- You should not drink alcohol when it is not your choice to drink, or if you feel pressured into drinking alcohol.
- When your diabetes control is varied and you experience high and lows of BGLs often.
- If you have nerve or eye damage related to your Type 1 Diabetes.
- When you are overweight, it is best to avoid or limit alcohol.
- Never drink on an empty stomach. Always ensure you have had some carbohydrate in a meal or snack before you start drinking.
- Never drink alone. Tell a friend, who knows you have Type 1 Diabetes. They can watch out for you if you decide to drink.
Drugs & Type 1 Diabetes
1. What are drugs?
Drugs are chemical substances that you can put in your body, and it changes how your body or brain works. Drugs can be taken for medical treatment or recreational reasons.
2. Recreational Drugs
Recreational drug use is the use of chemical substances taken for enjoyment. Alcohol, tobacco, and caffeine can be classed as recreational drugs.
A recreational drug is a drug that people take without a medical reason. Some people also call them ‘party drugs’ e.g. marijuana, ecstasy, cocaine, and amphetamines. These types of drugs are illegal in most countries around the world.
Please check your local laws and regulations around drug use.
You might feel like you want to try drugs for fun or are pressured into this by people around you.
Recreational drug use has detrimental and harmful effects on your body and mind and negatively impacts on your studies, work, and social life. It could get you into trouble with law enforcement. It can also be an expensive habit which leads to additional financial issues.
If you, or someone you know, have a problem with drugs, there are ways to get help. Please ask your doctors to refer you to local services.
3. Drugs and Type 1 Diabetes
If you take drugs and have Type 1 Diabetes you are more likely to forget to take your insulin dose or forget to eat and drink which can quickly become a deadly situation. This means you are at a greater risk of having high blood glucose levels and developing diabetes ketoacidosis (DKA) or cause your internal organs to shut down. If you have symptoms such as stomach pain, fruity-scented breath, shortness of breath, vomiting or dehydration you need to see a doctor immediately.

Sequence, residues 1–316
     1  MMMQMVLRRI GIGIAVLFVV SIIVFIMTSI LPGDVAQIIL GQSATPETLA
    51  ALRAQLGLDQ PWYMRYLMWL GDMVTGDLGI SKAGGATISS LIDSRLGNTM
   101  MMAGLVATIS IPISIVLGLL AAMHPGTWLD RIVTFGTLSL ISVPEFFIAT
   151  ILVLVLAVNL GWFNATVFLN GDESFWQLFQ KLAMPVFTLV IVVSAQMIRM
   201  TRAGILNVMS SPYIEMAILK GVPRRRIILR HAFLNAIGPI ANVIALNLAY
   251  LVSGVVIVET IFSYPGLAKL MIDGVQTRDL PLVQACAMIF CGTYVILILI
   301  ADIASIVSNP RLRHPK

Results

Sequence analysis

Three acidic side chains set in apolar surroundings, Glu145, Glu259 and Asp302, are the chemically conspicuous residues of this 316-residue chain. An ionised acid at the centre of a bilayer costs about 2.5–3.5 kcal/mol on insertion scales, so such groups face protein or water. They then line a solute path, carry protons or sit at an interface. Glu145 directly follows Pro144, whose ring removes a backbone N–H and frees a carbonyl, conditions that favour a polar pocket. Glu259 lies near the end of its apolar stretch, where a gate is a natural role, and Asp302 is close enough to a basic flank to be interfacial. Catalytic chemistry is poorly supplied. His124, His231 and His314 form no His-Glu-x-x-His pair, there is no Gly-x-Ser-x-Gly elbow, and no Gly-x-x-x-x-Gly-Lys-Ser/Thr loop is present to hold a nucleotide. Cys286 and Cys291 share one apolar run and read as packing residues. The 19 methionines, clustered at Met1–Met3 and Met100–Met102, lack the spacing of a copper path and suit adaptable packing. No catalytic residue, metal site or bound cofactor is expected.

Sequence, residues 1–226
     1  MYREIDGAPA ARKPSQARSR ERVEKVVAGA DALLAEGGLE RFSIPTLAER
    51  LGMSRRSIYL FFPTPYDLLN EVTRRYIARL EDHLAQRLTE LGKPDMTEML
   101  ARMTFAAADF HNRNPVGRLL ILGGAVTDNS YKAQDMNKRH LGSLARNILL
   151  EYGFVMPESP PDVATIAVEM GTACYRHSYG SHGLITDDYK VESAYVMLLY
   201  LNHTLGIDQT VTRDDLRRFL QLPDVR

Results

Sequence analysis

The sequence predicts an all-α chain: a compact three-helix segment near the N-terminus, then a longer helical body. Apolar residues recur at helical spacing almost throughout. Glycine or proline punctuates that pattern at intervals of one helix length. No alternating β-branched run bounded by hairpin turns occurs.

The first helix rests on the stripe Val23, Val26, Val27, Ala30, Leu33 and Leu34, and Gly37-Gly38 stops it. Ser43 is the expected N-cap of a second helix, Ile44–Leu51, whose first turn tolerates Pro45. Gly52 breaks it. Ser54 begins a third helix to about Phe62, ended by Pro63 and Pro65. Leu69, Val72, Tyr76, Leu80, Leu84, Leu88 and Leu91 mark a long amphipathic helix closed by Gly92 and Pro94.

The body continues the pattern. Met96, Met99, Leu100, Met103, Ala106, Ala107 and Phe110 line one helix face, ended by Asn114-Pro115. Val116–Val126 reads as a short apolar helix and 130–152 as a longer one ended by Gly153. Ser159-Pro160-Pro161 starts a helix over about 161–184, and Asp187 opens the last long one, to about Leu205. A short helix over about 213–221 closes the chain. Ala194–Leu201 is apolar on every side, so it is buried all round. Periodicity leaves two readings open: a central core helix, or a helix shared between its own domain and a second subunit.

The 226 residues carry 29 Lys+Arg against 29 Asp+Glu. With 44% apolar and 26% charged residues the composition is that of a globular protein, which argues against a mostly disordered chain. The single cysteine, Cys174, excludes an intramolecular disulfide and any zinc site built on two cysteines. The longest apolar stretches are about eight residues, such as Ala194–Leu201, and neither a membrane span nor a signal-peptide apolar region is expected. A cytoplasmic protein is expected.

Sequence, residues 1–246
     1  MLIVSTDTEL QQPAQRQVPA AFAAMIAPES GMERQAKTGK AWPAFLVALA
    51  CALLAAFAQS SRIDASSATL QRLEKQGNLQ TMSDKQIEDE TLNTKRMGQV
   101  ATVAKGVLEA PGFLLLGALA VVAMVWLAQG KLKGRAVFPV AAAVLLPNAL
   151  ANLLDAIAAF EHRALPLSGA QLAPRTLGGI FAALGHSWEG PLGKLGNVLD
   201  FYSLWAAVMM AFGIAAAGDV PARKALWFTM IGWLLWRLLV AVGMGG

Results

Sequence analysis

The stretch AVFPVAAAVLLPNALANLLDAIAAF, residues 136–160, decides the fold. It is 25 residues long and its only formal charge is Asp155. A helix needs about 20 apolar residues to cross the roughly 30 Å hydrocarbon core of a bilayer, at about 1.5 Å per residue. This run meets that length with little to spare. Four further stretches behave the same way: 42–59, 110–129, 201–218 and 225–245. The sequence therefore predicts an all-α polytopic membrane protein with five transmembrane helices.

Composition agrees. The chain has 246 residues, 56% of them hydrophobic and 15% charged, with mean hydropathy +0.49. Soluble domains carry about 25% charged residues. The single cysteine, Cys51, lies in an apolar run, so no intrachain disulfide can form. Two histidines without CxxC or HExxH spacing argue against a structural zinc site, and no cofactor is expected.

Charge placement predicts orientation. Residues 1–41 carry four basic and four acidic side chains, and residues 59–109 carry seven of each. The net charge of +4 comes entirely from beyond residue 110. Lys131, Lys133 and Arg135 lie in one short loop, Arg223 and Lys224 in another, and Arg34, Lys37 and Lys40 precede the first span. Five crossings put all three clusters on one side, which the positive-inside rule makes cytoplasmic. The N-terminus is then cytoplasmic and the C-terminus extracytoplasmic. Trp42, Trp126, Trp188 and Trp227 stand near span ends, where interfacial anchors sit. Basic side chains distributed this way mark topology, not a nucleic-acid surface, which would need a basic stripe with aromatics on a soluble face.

You should always remember the following:
- Know what you are taking. Research the effects of the drug before deciding to try it and discuss it with your doctor.
- Do not take something if you are unsure of what the drug is.
- Never take drugs alone. If you take drugs always have someone not taking them with you who you trust, who knows what drug you are taking and that you have Type 1 Diabetes.
- Be in a safe and comfortable environment.
- Never stop taking your insulin or checking blood glucose levels.
We strongly advise that you DO NOT do recreational drugs because they are unsafe and can cause many problems with your health, addiction, work and your relationships with friends and family.
HelloType1 content is based on published, internationally recognised guidelines and then reviewed by local experts to ensure it fits local context. The translation is based on simplified English language to ensure it conveys the safest and clearest possible message in regional languages. Basic insulin and blood glucose testing access is still an issue in the South-East Asia region and our chief aim is to address this. HelloType1 content is not intended to replace the advice of individual healthcare professionals but as a collaborative tool to help them improve the outcomes of disadvantaged people with Type 1 Diabetes in the region.